TR4A IRS adds 100lb to weight and competition drivers prefer simpler earlier rear end; TR experts say it’s not worth the expense and effort to convert unless fitting new chassis anyway. Adapting to telescopic damping pretty involved as well as costly but usually essential on TR4A to aid handling for competition driving although you need to watch FIA regs on some motorsport categories as many mods have to be in period.


Axles are sturdy but known to leak; full rebuild costs over £1000. Infamous Triumph spline lock affects 4A and later TRs. Again FIA mods allows certain mods but for road use you can opt for modified driveshafts, although keeping a close eye on them and their u/js also helps reduce that ‘TR twitch’. If keeping lever type dampers, ensure they are quality recon types as cheap ones aren’t known to last that long.



CTM Engineering of Southampton specialises in repairs or new chassis frames. Remember, a new chassis not only rids you of rust problems but it will be much stiffer and aid rigidity, talking of which, TR Enterprises sells a chassis stiffening kit for just £75 although the company adds that you need to decide how much you want to add before altering suspension settings – a roll cage also adds rigidity and too much spoils a TR’s handling.


Outriggers rot badly and cost an easy £2000 because the body ideally needs to be removed, which is not a bad idea if major repairs are on the cards anyway. The front end hides a lot of nasties while reinforcing the differential and the trailing arms is not only a good move but essential if you contemplate converting the dampers to modern telescopics. Chassis arms residing under the boot also give trouble.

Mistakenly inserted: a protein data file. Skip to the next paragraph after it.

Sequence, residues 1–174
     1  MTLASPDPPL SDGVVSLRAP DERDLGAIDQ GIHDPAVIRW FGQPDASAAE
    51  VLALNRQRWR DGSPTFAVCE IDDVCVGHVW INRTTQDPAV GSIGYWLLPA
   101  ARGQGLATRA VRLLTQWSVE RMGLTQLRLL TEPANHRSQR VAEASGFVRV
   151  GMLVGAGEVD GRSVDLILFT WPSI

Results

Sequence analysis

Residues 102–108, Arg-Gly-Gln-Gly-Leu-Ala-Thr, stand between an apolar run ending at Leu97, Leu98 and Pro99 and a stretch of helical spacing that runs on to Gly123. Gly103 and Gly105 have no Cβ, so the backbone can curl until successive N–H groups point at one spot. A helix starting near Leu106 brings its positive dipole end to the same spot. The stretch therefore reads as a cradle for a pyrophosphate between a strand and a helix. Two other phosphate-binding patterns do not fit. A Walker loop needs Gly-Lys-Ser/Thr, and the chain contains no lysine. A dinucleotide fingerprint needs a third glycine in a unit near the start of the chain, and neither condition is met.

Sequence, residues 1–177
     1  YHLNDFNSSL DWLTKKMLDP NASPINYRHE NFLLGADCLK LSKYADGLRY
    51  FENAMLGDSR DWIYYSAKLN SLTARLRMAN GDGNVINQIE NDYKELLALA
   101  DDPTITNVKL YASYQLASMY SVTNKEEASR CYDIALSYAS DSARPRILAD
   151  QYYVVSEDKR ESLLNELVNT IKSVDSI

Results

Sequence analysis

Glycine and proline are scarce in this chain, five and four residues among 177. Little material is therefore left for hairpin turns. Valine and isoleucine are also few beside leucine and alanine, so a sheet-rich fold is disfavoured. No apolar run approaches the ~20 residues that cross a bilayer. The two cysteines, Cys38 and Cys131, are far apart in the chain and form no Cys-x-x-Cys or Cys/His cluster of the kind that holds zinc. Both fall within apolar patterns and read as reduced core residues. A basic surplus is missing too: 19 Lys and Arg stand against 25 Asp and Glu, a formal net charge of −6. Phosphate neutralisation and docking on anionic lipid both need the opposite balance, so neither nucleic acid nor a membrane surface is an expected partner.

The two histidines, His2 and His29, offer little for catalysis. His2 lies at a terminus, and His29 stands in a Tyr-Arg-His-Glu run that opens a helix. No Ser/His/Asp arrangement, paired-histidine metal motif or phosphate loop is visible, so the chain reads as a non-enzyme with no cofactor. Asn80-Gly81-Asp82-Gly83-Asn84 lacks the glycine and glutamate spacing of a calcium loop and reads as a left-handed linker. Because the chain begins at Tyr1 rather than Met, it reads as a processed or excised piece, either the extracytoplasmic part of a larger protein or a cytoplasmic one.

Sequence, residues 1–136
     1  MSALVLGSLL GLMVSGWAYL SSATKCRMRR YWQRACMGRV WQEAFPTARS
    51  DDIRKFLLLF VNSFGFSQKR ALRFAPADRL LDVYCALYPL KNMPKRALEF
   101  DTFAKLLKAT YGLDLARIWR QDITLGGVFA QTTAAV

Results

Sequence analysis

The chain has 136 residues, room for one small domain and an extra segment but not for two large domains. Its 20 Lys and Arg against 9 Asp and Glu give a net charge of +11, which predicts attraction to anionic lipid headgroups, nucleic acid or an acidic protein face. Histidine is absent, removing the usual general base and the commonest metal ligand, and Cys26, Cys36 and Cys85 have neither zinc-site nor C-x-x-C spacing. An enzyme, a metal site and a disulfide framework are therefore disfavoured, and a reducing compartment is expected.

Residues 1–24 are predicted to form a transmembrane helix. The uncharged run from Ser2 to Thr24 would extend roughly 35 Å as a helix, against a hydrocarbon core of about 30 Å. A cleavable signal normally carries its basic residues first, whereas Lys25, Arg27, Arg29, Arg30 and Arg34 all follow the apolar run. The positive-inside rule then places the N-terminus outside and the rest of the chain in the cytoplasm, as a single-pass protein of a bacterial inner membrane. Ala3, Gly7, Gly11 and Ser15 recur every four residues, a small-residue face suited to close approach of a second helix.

Everything you’re going to need is available off the shelf from a wide range of sources and trim quality is better than when brand new. You can go for a luxury look with posher carpets and wood detailing or you can opt for a stripped rally replica. If you find period accessories all the better. TR6 seats fit and are an improvement if you don’t want an aftermarket look.


Parts availability for the inside is generally excellent and a full interior refurb is both cost effective and desirable, especially if you also like the idea of making the stark cabin a bit posher as in the picture. The hood is also a simple affair costing under £250. Keep that Surrey top in good order as they are becoming harder to find; check rear window seals for deterioration. If cabin ventilation isn’t good then it may be due to the air vent flap not operating correctly.


Electrics are simple, durable and everything is available. Poor earths and brittle looms are the most likely issues but replacing a loom (around £175) is an involved job. Keep on top of the cooling system and fit an electronic ignition to keep the timing spot on. You may need an Octane booster as some engines demanded five-star to prevent pinking, especially if already tuned (convert to unleaded head is our advice). SC Parts has modern CV driveshafts that are said to cure TR twitch and improve handling: £530 with hub. The only way of removing propshaft is to slip out the diff or gearbox first.


ENGINE OIL - 20W/50/60 11.5 pts
GEARBOX (WITH O/D)  - EP90 3.5pts
REAR AXLE - EP90 1.5 pts
SPARK PLUGS -N9Y or equivalent 0.025in
C.B. POINTS - 0.015in
TIMING - 4 degrees BTDC
TAPPETS - In & Ex 0.010in (set cold)